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Author Topic: Post-Marriage Relationship  (Read 1924 times)
ElectricPaladin
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« on: September 22, 2015, 02:52:57 pm »

Since the transition from sempa to kopa isn't necessarily voluntary - fubarnii can take chemicals to control it, but I imagine that sometimes something goes wrong - how do you think they handle the awkwardness that comes when someone's wife changes? What's the cultural script? Are you expected to be buddies? Is it supposed to be some kind of terrible betrayal and you're supposed to hate each other (kind of like how couples in our world that are trying to deal with infidelity have a lot of pressure to turn on each other even if they'd rather work through it)?

Also? I have this image that there's a fubarnii myth - or maybe an opera, do they have opera? - about a prince who's captured by a rival, so his most beloved sempa gathers up his loyal knights to go rescue him, only being in charge of so many kopa causes her to transform (of course, this story is set in the "old days" before the alchemical preparations to control the change were as reliable). What a tragedy! They sing a tragic song together (maybe in three-part harmony, with two kopa voices - do kopa and sempa have different voices? - and a sempa voice representing the wife's "old self" singing along with her former husband and new kopa self).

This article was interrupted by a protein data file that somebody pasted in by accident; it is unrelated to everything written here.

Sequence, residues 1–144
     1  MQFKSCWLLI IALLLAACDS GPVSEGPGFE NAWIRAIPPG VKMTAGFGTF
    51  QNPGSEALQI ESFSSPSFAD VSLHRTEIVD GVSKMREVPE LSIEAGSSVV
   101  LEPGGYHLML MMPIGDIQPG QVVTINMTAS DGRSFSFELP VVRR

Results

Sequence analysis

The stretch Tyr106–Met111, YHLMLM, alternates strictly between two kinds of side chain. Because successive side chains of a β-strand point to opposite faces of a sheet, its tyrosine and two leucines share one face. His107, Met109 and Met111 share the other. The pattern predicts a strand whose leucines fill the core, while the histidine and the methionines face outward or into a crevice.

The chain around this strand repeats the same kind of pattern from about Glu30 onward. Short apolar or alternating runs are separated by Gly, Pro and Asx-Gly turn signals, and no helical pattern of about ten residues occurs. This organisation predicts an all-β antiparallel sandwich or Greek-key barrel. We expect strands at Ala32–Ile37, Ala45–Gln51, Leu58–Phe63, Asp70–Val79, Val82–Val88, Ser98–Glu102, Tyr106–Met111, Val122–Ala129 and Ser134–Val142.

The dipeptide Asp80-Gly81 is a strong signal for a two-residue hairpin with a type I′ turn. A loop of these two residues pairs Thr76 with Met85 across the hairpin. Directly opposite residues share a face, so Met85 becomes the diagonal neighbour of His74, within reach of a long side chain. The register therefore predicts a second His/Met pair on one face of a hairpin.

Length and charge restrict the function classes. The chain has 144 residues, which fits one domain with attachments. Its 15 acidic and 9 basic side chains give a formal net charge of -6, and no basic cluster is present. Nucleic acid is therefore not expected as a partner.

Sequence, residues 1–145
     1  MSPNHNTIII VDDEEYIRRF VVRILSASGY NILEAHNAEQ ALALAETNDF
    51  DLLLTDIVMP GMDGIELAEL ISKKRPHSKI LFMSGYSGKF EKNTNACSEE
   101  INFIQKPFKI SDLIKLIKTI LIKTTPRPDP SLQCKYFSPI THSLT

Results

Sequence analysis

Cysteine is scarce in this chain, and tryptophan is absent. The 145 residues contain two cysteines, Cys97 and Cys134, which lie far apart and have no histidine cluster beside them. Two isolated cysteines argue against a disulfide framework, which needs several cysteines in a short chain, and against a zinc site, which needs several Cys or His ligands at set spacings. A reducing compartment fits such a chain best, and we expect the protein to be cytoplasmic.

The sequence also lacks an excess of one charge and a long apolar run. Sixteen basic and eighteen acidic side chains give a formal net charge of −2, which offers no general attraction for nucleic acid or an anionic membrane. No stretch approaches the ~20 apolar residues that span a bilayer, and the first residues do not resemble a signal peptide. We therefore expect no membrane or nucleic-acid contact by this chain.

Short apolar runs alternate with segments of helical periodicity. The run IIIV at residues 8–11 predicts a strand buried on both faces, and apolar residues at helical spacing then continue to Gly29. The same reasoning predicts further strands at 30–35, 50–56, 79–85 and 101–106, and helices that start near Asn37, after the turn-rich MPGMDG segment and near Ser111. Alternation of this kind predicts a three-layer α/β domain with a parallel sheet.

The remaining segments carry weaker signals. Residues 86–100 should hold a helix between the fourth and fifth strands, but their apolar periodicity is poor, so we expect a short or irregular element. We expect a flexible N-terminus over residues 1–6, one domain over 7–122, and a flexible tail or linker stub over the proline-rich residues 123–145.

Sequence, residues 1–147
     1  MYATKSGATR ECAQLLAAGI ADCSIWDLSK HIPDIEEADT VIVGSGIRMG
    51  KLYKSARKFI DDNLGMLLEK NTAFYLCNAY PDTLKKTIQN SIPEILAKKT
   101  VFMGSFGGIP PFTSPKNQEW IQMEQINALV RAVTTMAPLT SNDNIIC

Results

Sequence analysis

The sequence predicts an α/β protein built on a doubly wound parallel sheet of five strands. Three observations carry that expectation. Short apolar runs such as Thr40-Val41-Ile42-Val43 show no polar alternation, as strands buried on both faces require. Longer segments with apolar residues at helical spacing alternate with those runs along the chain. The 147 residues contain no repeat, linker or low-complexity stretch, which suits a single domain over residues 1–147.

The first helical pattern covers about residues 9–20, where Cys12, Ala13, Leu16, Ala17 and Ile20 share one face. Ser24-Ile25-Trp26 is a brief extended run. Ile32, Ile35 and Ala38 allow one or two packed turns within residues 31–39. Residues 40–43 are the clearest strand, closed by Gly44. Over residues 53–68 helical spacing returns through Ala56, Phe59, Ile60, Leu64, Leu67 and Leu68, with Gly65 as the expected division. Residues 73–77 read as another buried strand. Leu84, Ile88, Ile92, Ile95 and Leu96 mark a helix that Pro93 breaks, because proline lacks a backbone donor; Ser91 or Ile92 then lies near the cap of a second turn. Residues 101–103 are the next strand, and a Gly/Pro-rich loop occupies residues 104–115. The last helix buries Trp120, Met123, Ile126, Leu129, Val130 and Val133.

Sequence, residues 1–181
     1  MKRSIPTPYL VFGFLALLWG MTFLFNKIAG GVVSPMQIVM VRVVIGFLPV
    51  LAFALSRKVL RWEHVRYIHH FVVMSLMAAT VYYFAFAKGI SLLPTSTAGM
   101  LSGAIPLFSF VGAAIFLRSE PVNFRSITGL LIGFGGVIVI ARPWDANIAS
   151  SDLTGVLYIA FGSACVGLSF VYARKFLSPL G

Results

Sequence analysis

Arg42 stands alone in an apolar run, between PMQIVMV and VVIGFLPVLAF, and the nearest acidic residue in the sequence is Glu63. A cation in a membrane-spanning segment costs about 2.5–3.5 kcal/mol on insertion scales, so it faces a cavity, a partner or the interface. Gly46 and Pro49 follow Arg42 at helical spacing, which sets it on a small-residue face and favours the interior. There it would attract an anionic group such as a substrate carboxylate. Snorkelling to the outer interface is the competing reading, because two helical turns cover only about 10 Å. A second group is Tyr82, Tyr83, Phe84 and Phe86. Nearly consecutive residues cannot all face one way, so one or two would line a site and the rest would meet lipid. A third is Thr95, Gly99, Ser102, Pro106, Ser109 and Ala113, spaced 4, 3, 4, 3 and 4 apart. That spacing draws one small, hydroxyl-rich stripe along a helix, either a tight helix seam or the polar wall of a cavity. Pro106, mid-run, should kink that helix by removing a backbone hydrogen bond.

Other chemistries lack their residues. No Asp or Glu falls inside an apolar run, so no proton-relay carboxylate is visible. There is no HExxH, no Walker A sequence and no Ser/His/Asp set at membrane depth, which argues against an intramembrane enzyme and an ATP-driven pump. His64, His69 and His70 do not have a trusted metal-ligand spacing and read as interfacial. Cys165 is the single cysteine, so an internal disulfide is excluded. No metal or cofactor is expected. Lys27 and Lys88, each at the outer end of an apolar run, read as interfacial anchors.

Thoughts?
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Carcharoth
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« Reply #1 on: September 22, 2015, 07:59:56 pm »

You've certainly been doing your homework!  I think you've grasped the general complexities of Fubarnii romance... I think a progressive city-Fubarnii would be expected to accept their spouses choice to move on. Marriage to a Fubarnii is a temporary thing, but they should maintain a lifelong bond of friendship.
Less progressive Fubarnii may see the development less favourably, considering the age and seniority to be quite clear, believing that it is the sempa's role to accept their position. I would like to think that would be the exception though.

I like the idea of your tragic opera, particularly if they hadn't had chance to have jenta before he was taken.
I think they probably went on to live as Enarii (most of the ancient myths are of the old Enarii)
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ElectricPaladin
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« Reply #2 on: September 22, 2015, 09:10:17 pm »

If you can count on me to do anything, it's to obsess over things I find interesting and seep my brain into all the nooks and crannies therein!

I really like the idea of "progress" in sempa/kopa relations. "Old school" rigid fubarnii who view "their" sempas as their property, whereas more "modern" fubarnii view it as a really personal process - you should be what you want to be. The old school fubarnii view it as a betrayal if one of their sempas becomes a kopa without "permission" or while they're still alive (or maybe even dread the idea of one of their sempa becoming a kopa and thus disinheriting a favored jenta...). Modernist fubarnii might do things like sponsoring their former sempa in business or exploration, founding new "branches" of their family tree more quickly than you can if you wait for one of your jenta to grow up and become useful!